HASH(0x9b309bc0) étoiles sur 5 A fantastic book 26 septembre 2002
Par Un client - Publié sur Amazon.com
Format: Broché
This book is my favorite written introduction to Buddhism and one of my favorite references. I have been practicing Nicheren's Buddhism for fourteen years, and I think this book is both a clear explanation of Buddhism for someone who doesn't know much about it, and also wonderful for those who have been studying Buddhism for a while. The author did a fantastic job of clearly describing some deep concepts, and also the basics of Buddhist philosophy.
18 internautes sur 18 ont trouvé ce commentaire utile 
HASH(0x9a53ef48) étoiles sur 5 Excellent! 10 août 2001
Par Sarah Wellington - Publié sur Amazon.com
Format: Broché
This is one of my favorite Buddhist books. It makes complex Buddhist theories easily applicable to our daily lives - teaching that enlightenment is not an unreachable goal but a real state of life. It encourages us that true happiness is available to each of us, here and now, just as we are. I also highly recommended "Open Your Mind, Open Your Life: A Little Book of Eastern Wisdom" by Taro Gold which contains many wonderful and rare quotations by the Buddhist teachers discussed in "The Buddha in Daily Life." Excellent!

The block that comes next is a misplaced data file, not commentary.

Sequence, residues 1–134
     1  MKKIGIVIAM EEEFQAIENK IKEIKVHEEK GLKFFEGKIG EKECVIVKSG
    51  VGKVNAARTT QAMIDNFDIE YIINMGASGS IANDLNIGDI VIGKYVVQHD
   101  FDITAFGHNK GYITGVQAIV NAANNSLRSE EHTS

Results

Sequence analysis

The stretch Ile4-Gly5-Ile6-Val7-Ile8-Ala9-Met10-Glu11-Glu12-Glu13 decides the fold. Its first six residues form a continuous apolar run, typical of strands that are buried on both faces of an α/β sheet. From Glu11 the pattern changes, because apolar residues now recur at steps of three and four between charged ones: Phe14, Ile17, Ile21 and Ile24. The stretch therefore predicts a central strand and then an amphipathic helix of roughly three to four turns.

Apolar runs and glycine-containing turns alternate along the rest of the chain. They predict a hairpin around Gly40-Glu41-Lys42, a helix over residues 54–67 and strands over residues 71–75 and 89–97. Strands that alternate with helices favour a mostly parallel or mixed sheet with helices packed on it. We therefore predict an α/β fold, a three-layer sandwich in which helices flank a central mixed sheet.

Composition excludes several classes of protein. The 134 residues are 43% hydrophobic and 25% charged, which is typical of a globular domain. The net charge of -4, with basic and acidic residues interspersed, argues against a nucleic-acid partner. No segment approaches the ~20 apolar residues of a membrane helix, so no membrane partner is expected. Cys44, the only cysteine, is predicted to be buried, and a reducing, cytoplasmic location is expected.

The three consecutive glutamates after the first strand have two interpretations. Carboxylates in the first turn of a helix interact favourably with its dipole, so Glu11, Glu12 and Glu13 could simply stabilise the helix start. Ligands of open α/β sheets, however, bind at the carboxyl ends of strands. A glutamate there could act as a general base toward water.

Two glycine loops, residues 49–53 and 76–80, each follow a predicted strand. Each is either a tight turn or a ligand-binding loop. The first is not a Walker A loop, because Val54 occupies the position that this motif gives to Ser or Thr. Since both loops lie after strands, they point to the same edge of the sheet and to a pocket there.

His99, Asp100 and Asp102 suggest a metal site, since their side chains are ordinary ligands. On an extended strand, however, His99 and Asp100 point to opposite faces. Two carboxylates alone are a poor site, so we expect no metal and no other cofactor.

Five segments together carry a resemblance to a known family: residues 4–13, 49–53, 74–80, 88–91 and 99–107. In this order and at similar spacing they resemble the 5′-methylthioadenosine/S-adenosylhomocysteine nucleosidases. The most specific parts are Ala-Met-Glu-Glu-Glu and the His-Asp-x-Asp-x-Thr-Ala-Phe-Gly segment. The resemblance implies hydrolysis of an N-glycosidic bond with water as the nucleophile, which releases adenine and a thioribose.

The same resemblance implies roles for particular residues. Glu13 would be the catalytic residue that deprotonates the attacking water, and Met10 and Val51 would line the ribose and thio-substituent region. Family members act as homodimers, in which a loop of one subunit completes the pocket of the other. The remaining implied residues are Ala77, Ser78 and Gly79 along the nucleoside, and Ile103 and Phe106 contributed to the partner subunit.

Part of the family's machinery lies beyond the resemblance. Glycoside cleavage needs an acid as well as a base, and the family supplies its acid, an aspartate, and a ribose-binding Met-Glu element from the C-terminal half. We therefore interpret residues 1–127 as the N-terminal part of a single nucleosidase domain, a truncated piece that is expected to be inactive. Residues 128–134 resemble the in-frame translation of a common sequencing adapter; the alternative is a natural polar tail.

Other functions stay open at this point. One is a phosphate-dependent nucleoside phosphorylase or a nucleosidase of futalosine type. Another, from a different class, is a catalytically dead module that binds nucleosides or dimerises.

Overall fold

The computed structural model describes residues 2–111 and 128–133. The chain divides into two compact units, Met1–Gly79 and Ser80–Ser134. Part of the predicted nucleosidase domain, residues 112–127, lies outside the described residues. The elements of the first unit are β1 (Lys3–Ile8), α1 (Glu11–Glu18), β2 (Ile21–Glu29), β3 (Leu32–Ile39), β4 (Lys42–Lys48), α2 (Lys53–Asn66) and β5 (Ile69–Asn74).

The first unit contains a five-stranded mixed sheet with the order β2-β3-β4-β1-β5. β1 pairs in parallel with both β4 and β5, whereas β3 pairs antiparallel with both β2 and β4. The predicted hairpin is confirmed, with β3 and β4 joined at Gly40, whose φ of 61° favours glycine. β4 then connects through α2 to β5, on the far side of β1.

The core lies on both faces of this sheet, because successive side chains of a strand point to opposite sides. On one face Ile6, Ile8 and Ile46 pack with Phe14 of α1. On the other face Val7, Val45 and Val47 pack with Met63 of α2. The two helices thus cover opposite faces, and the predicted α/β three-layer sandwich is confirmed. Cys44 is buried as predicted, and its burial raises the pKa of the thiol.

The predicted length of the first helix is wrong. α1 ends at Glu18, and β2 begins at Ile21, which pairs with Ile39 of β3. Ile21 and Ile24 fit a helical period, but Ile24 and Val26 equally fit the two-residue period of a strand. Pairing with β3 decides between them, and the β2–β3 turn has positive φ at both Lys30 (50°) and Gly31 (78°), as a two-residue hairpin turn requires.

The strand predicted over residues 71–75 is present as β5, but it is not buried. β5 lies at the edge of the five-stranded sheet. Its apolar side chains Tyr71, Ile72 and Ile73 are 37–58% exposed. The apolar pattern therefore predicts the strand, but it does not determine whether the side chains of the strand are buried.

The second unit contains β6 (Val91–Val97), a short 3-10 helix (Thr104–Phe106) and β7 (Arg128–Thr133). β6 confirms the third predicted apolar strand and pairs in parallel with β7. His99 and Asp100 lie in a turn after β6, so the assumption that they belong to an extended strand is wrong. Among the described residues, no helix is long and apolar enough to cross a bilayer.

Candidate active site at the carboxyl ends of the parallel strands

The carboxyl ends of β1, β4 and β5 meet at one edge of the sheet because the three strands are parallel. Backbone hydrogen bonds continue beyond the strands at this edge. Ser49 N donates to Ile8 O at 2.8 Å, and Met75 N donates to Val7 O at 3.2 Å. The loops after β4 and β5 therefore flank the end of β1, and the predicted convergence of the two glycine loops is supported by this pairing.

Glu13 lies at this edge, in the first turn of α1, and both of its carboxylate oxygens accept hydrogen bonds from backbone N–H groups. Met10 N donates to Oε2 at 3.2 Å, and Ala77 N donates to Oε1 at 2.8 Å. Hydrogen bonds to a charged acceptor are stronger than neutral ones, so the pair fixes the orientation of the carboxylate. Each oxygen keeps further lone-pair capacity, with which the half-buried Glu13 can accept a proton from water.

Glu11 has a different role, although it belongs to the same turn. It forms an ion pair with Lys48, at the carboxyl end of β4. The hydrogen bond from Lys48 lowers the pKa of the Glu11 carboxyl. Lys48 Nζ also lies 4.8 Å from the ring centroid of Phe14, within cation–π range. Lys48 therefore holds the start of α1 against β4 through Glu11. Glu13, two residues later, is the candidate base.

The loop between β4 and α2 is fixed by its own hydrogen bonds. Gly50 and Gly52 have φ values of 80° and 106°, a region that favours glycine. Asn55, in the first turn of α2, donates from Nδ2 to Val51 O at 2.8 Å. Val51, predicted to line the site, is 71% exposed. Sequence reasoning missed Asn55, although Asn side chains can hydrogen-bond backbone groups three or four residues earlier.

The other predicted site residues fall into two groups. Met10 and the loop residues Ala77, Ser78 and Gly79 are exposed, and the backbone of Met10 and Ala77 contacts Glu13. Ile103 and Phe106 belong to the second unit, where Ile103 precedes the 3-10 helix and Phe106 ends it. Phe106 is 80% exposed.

13 internautes sur 13 ont trouvé ce commentaire utile 
HASH(0x9a53ee88) étoiles sur 5 Great Primer on Nichiren Buddhism 10 juillet 2009
Par S. A. Saribay - Publié sur Amazon.com
Format: Broché
Reading this book was my first encounter with Nichiren Buddhism. I'm not a very religious person and approach everything with skepticism. But I have to say that the author does a real good job of trying to show the Western mind the logic underlying seemingly arbitrary practices such as chanting a certain foreign language phrase everyday. I'm not sure if I'm fully convinced (and there is some information on the internet implying that the SGI is a cult) but either way, the approach of Nichiren Buddhism is very impressive in its positivity and complexity. Thus, I'm pretty intrigued, want to study more, and would like to compare this with other kinds of Buddhism.